PRESS REVIEW - JANUARY 12/18 , 2019

Reuters

An ancient African grain could become the new “superfood”

Fonio is a grain cultivated in rural areas of Senegal, Ghana, Mali and other sub-Saharan regions. In the West it has been dubbed “the new quinoa”. In New York, renowned chef Pierre Thiam has included it in his menu to raise its profile and generate much-needed income for West African farmers hit hard by climate change.

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UN News

The world “is not on track” to guarantee children a better future

According to United Nations High Commissioner for Human Rights, Michelle Bachelet, some member states of the UN have not managed to offer a better future to children, who continue to die prematurely or are victims of poverty, human trafficking and slavery.

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The Guardian

A guide to portion sizes

Experts at the British Nutrition Foundation (BNF) have created a guide on portion sizes to tackle overeating. The guide is designed to complement the government advice on the sorts of foods to eat to stay healthy.

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UK Goverment

UK: Restricting promotions of food and drink that is high in fat, sugar and salt

The government is seeking views on its plans to restrict promotions of food and drink products high in fat, sugar and salt (HFSS) by location and by price. Citizens are invited to express their opinion by answering an online questionnaire.

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European Court of Auditors

EU food safety model is overstretched

A report by the European Court of Auditors calls for policy makers to strengthen the food safety model implementation capacity. The new audit concentrated on chemical hazards and revealed that EU laws implementation on chemicals in food, fodder and plants has not reached the levels desired.

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World Economic Forum

Removing sweets from supermarket checkouts could help fight obesity

Research in the UK has found that the simple act of removing sugary snacks from store checkout areas helped people cut down on the number of unhealthy treats they buy. A study of 30,000 people’s shopping habits found that in the period immediately following the removal of snacks from the checkout area sales fell substantially by up to 17%. 

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The Straits Time

Oceans warming at faster pace than previously thought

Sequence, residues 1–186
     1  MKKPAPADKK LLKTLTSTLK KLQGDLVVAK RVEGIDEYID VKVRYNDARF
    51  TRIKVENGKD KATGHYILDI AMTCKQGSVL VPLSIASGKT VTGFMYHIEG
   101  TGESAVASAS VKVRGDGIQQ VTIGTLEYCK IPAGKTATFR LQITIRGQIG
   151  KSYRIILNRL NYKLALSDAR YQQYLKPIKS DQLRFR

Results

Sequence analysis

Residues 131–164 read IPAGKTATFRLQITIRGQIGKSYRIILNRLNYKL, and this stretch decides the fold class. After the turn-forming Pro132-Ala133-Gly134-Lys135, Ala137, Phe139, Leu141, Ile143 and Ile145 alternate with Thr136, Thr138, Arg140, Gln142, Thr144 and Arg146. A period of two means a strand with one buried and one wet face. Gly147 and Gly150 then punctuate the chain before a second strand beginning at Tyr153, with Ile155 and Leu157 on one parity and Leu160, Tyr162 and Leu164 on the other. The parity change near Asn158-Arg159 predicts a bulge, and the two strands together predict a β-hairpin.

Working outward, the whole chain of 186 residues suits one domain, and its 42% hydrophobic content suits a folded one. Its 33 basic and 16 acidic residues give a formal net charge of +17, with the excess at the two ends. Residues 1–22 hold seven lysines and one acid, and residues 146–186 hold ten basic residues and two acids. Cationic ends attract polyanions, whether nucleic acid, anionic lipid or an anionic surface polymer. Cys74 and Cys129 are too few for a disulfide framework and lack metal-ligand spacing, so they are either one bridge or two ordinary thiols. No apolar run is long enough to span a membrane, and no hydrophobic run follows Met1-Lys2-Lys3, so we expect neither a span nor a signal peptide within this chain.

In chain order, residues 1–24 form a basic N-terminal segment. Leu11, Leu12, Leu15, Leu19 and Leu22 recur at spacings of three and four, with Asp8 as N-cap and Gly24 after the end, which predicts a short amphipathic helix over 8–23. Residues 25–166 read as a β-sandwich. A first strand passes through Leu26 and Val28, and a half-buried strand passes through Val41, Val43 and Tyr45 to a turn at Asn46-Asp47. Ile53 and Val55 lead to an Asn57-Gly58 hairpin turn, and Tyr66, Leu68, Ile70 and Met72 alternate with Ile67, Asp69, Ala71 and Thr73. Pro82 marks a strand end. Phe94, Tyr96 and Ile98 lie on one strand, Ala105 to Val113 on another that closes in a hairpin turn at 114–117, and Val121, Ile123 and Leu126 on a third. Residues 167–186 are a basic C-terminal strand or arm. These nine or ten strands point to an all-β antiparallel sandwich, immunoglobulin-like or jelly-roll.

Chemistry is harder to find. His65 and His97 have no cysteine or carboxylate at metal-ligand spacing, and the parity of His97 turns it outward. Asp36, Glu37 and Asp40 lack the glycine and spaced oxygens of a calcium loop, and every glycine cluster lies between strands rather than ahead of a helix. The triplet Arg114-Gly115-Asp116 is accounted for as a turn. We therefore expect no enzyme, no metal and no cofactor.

Ocean temperatures are rising at an accelerating pace threatening marine life and food safety across the planet, US researches said. Findings show that there was no pause in global warming, as previously thought, instead global warming has significantly increased, especially between 2014 and 2017.

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New Scientists

Luxury effects. Rich people’s gardens attract more pollinating insects

Pollinating insects, such as bees, seem to prefer richer areas. This may be because gardens in wealthier areas typically have a wider range of flowers. A team surveyed the distribution of plants and pollinating insects in four cities in the UK: Bristol, Edinburgh, Leeds and Reading. They found that residential areas, allotments and community gardens supported a greater abundance of pollinators than other types of urban land, such as parks, road verges or industrial areas.

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Washington Post

Pesticide, metal exposure tied to increased risk of heart disease

A US study suggests that workers who are exposed to pesticides or metals on the job may be significantly more likely to develop cardiovascular diseases. The study examined data from four cities: Chicago, San Diego, Miami and New York. Individuals who were exposed to pesticides were more than twice as likely overall to have conditions such as heart disease, heart failure or an irregular rapid heartbeat.

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South China Morning Post

Desalination plants produce too much toxic waste

This is the result of a study that analyzed 16,000 plants scattered around the world. According to a first global assessment, desalination plants produce more toxic sludge than fresh water. The research shows that for every liter of fresh water extracted from the sea or brackish waterways, a liter-and-a-half of salty slurry, called brine, is dumped directly back into the ocean or the ground. 


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CIMMYT

International Maize Improvement Consortium for Africa ramps up seed innovations

Maize is the most important staple food crop in sub-Saharan Africa, providing food security and a source of income to more than 200 million households. Nonetheless, maize yields in this region rank among the lowest worldwide. Therefore, the International Maize Improvement Consortium for Africa has announced it is ramping up initiatives to achieve enhanced maize yields.

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